Statistical arbitrage is a relatively active quantitative trading strategy. It is a method based on mean regression, which searches for incorrect pricing (overestimation or undervaluation) based on the relationship between securities. When prices return to normal, establish long and short positions in relevant stocks to profit. They establish long positions in undervalued securities and match short positions in overvalued securities, ultimately expecting prices to return to the average. Statistical arbitrage heavily utilizes high-frequency trading techniques, quantitative analysis, and computer modeling, as well as financial ratios to identify assets with incorrect pricing.

Managed futures, also known asCTA, Trend Tracking Hedge Fund, uses systematic methods to track major market trends. Traditionally, these funds focused on the futures market, but they are now increasingly active in the stock market.

Quantitative value uses an orderly method to examine each company's income statement and balance sheet for each item, and then calculates a summarized value score and uses it to rank stocks. This systematic value investment method is very effective, but it requires a long-term time frame.

Strategies based on artificial intelligence and big data are the latest type of quantitative strategy. It attempts to use the latest technology and data to find new sources of alpha.

Understanding Quantitative Investment - The Cornerstone of Your Rational Trading Path

The advantages of quantitative investment

Because quantitative trading decisions are made by computer models, they are not influenced by human emotions. This applies to entering and exiting positions, as emotions are often the biggest issue for investors. In addition, quantitative investment can actually take advantage of irrational loopholes in the market to make trading decisions and achieve excess returns.

A small quantitative analysis team can cover a large number of securities. They can cover multiple industries, regions, and countries, so quantitative analysis has more opportunities to find securities that may outperform the market. This also means that it is cheaper than analysis based on 'per stock'.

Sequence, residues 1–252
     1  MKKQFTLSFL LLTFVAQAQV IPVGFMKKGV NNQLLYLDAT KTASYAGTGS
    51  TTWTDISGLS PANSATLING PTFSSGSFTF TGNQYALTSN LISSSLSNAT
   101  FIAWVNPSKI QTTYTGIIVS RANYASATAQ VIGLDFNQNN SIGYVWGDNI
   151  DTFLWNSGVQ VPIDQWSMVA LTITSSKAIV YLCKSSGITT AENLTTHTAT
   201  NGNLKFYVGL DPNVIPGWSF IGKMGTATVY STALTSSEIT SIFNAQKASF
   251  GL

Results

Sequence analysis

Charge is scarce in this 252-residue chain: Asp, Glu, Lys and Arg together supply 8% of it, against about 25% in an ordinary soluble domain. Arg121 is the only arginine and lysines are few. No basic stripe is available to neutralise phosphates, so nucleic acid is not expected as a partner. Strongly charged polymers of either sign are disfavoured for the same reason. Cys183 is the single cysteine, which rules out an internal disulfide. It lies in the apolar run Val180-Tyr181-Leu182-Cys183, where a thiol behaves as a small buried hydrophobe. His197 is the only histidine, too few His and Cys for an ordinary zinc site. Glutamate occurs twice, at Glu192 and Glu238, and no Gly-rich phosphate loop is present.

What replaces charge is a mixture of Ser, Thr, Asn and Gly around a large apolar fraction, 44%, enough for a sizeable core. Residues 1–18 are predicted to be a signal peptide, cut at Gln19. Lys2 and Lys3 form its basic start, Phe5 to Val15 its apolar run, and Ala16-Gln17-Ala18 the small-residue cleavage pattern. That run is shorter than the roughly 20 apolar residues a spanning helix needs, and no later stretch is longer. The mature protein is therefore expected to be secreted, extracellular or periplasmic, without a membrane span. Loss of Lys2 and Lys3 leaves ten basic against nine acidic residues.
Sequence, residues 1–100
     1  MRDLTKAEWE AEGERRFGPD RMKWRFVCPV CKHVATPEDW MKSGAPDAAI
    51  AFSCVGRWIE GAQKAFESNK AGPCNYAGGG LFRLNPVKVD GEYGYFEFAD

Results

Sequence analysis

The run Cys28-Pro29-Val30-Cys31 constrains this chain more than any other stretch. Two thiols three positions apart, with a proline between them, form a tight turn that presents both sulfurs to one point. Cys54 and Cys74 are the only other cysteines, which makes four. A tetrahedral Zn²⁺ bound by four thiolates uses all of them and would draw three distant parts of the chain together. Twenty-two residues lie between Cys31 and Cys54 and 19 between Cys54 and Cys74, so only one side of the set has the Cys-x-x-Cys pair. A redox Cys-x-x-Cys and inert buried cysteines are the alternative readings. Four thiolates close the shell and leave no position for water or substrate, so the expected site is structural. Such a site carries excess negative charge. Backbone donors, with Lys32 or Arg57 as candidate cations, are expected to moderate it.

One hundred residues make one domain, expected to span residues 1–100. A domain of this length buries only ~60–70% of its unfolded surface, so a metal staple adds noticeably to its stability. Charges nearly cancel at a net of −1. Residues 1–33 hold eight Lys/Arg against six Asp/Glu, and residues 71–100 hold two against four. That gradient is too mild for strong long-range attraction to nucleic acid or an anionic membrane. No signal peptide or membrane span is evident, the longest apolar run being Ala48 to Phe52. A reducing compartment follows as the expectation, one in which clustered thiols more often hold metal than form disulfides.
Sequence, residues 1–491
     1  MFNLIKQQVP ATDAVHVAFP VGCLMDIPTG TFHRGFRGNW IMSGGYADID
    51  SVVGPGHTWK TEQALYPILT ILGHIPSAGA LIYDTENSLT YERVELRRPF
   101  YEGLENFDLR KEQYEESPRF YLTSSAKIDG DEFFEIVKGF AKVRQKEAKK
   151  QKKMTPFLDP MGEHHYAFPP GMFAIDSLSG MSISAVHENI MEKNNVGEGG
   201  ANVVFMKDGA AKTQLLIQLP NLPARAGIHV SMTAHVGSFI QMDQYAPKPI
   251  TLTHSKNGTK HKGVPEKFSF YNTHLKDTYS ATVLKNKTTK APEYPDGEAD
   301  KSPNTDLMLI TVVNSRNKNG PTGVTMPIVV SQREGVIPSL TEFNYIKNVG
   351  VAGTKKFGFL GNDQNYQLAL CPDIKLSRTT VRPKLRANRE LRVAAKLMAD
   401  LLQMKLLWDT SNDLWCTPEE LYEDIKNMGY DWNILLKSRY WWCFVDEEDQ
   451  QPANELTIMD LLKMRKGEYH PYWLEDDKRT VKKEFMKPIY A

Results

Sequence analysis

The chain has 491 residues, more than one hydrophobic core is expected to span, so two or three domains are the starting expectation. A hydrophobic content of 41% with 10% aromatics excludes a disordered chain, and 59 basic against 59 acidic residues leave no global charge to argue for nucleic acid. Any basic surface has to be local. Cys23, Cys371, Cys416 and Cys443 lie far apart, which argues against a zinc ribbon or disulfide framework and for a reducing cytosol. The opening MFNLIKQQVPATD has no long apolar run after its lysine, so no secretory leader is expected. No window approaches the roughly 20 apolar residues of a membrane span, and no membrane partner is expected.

Quantitative investment is based on data, which means that the results are more predictable, especially in terms of expected risks and returns. Therefore, they can better meet the needs of different investors. Once created, quantitative models can be easily and inexpensively tested in different markets, regardless of whether modifications have been made.

Disadvantages of Quantitative Investment

Due to the distribution and probability of expected returns, quantitative investment requires a considerable amount of shareholding. This may lead to dilution of the return rate. Quantitative strategies typically take a long time to execute and typically fall below their baseline in a short time frame.

Quantitative strategies are susceptible to sudden increases in volatility and flashbacks. The management of quantitative investment does not have any discretion, which may be a double-edged sword. In most cases, calmness in decision-making is an advantage, but in some cases it may also be a disadvantage.

Understanding Quantitative Investment - The Cornerstone of Your Rational Trading Path

Today's Quantitative Investment

Today, Wall Street has accepted quantitative investment, and quantitative technology is used to manage most types of investment funds, including mutual funds, hedge funds, ETFs, and independent investment portfolios. Quantitative technology is also used for asset allocation and risk management, and to adjust investment portfolios according to customer needs.

The new frontier of quantitative investment is to create strategies that fully adopt technology. Artificial intelligence is being used to find more subtle patterns and relationships between asset prices and data from other data sources. Big data is used to obtain and mine new data sources, which may generate new alpha. User generated data is being used to measure investor sentiment and mapped to asset prices.

The Future of Quantitative Investment

Quantitative investment is making progress in different fields, and the future is likely to see the integration of these different technologies and platforms. The development of other fields, including the introduction of new investment products and asset classes (such as cryptocurrencies and tokenized securities), will create new opportunities.

The continuous globalization of the market will also play a role in the future, as investors will be able to enter new markets. The biggest opportunities may lie in artificial intelligence and big data. Satellite images, social media content, and GPS from vehicles and devicesData is a potential source of data.

Emotion is an increasingly important factor for quantitative investment. Artificial intelligence and big data are also widely used to simulate emotions and predict them. The advancement of artificial intelligence may ultimately allow many qualitative factors to be incorporated into modeling.


Quantitative investment is mainly based on quantitative analysis, which introduces a more scientific and systematic method for investment. This method of making investment decisions based on empirical data has many advantages, such as lower relative costs and eliminating emotions in the decision.

Strategies based on quantitative models are not panacea and cannot guarantee performance, but in most cases, quantitative strategies have a better chance of achieving their goals. Quantitative investment still has a long way to go, but we believe that this technology will usher in faster and more comprehensive growth and development in the future, empowering traders on their investment path.

Understanding Quantitative Investment - The Cornerstone of Your Rational Trading Path